The city of Copacabana is Bolivia's base camp for excursions on and around the famous Lake Titicaca, namesake for the world-famous beach in Rio and the country's most important pilgrimage site.
Copacabana is not only the most famous beach in Rio de Janeiro, but also a city on the shores of Lake Titicaca in Bolivia. The "place that was first called that" is one of our top 10 sights of Bolivia.
The origin of the name goes back to several theories. "Copacabana" probably either originated from the Aymara expression "quta qawana", "view of the lake", comes from the Andean mythology of "Kotakawana", a fertility deity in Lake Titicaca, or goes back to the Virgin of Copacabana, who is venerated in the city's cathedral.
In any case, the city gave its name to Rio 's famous Copacabana - and not vice versa. Who would have thought that the origin of the name of Brazil's most famous beach lies in the middle of the Andes? The crescent-shaped sandy beach and the bright blue sky are also reminiscent of its famous namesake in Rio de Janeiro - although the temperatures at this altitude hardly arouse any desire to bathe (it rarely exceeds 20°C here).
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Journey to Copacabana
Copacabana is surrounded by the Cerro Calvario and the Cerro Sancollani opposite, just under 150 kilometres from the seat of government La Paz, and can be reached via the Ruta 2 highway. From Peru, a bus line runs from Puno to Lake Titicaca.
Base Camp at Lake Titicaca
On the Bolivian side, Copacabana is the ideal starting point for excursions on and around Lake Titicaca. The most popular sights on Lake Titicaca include the sun and moon islands Isla del Sol and Isla de la Luna, as well as the Islas de los Uros and Isla Taquile. The latter are already on the Peruvian side of the lake.
The tranquil Copacabana is situated at an altitude of 3,810 metres on the peninsula of the same name, which juts into the highest navigable lake in the world. The pretty little town is quite different from many a settlement in Bolivia. Well-kept houses and gardens form a stark contrast to the otherwise barren Andean highlands.
Nevertheless, it is very cheap to stay and eat in Copacabana, which European backpackers in particular like to take advantage of. If you feel homesick for Germany, you should visit the "Chirimosky" bar. It is owned by a German who serves spaetzle and goulash with sauerkraut.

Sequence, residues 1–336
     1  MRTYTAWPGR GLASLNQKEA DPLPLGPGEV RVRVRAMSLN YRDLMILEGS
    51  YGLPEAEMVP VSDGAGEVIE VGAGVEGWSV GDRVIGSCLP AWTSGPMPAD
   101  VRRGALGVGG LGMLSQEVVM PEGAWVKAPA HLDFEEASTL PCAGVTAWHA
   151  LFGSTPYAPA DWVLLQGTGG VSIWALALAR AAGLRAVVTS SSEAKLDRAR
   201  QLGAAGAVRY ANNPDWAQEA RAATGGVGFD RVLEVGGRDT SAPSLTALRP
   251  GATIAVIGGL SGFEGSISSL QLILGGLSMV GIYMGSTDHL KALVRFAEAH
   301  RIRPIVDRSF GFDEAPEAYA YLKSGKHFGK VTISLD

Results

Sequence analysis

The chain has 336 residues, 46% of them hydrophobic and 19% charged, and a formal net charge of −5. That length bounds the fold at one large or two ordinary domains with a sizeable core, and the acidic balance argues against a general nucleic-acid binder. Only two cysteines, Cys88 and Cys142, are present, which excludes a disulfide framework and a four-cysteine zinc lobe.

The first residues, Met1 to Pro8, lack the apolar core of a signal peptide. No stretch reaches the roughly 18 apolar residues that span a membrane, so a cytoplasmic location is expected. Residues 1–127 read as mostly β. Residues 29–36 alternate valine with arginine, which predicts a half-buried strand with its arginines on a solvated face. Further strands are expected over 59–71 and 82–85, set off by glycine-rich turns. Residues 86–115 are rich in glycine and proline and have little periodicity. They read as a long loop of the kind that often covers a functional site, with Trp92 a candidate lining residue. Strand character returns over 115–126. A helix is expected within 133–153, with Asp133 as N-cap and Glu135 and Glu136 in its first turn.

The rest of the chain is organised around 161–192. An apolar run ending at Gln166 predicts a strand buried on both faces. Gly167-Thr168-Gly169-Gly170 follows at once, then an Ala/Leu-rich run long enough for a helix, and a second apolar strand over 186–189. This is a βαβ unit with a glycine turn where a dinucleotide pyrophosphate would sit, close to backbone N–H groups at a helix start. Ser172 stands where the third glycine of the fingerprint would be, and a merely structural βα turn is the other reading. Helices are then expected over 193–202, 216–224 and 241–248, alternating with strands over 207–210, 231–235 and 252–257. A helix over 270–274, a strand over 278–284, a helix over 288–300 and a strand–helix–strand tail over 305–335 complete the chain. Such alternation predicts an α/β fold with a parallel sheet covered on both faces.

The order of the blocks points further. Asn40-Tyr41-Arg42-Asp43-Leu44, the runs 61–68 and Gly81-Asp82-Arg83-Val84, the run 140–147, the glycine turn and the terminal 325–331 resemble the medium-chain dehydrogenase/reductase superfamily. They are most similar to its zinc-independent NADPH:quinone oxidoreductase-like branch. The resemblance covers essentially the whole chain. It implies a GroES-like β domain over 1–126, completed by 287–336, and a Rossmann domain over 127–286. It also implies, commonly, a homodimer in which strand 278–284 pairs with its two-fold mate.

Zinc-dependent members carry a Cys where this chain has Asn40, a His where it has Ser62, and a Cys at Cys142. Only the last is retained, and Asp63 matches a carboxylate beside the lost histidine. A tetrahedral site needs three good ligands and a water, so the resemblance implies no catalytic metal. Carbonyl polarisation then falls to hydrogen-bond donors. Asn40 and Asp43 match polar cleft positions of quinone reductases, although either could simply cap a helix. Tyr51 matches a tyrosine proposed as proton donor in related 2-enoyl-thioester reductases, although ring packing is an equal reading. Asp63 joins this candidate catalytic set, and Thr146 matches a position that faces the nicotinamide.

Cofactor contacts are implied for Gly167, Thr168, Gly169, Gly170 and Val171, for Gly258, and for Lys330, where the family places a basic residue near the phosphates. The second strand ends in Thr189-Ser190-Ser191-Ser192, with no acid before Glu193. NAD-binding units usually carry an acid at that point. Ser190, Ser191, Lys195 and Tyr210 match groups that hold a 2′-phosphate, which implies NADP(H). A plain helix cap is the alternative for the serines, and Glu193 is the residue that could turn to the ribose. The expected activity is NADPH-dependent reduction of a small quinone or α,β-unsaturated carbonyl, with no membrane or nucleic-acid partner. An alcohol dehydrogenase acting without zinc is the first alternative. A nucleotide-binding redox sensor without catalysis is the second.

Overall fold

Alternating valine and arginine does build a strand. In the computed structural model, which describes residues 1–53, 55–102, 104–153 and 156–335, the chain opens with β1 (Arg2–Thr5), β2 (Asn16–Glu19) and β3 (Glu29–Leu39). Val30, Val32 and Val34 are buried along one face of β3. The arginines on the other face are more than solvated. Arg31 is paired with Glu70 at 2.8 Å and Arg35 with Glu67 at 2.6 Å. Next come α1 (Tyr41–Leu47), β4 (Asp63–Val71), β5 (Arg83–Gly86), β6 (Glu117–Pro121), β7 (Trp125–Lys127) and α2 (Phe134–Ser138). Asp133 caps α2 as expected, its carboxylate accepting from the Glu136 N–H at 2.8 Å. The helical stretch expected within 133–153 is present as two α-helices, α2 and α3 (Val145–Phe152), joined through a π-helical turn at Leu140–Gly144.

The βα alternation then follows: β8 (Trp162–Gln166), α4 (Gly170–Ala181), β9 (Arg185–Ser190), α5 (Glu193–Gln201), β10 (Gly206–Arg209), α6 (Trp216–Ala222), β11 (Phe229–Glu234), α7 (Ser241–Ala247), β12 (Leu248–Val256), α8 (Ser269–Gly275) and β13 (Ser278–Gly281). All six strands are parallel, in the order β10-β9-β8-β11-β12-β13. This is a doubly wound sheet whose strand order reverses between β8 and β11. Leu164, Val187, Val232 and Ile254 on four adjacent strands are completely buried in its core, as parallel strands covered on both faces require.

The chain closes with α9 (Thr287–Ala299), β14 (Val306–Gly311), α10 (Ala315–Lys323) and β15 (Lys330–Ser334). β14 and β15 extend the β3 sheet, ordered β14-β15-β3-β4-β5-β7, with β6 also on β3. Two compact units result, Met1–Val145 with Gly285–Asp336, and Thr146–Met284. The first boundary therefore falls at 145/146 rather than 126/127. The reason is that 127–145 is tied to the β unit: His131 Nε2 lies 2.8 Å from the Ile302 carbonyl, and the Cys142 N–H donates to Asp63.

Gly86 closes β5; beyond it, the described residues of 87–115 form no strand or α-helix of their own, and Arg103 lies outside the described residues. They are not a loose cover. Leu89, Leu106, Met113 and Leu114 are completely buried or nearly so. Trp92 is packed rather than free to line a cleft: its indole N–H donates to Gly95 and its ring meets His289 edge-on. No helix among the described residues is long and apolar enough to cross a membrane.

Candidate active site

The most important sight in Copacabana is the snow-white cathedral from 1820, the destination of many pilgrims in Bolivia's most important place of pilgrimage. The basilica in Moorish style is dedicated to the "Virgen de Copacabana", also called "Virgen Moreno" ("Dark Virgin"). Her statue, carved from dark wood by an Indio, is crowned with pure gold and can be visited in the basilica.
The patron saint of Lago Titicaca is celebrated every year at the beginning of February at the Fiesta de la Virgen de Copacabana with processions, music and dance.
On the square in front of the cathedral, a column of taxis and other vehicles can often be seen - they come from all over Bolivia and even Peru and are waiting to be blessed. Holy water under the open bonnets is supposed to ensure that there are no accidents in the traffic chaos of La Paz and other large cities.
From Cerro Calvario, the 3966m high local mountain of Copacabana, there is a fantastic panoramic view over Lake Titicaca. Those who climb its summit will find themselves in the company of pilgrims, for the stations of Jesus' suffering are lined up along the path as the Way of the Cross.
Avenida 6 de Agosto
This is Copacabana's shopping street, where you can buy ponchos, jewellery from open-air workshops and other souvenirs. It's also a great place to dine for a few euros. By the way, the delicious lake trout from Lake Titicaca is also available in the restaurants at the harbour - also at a ridiculous price.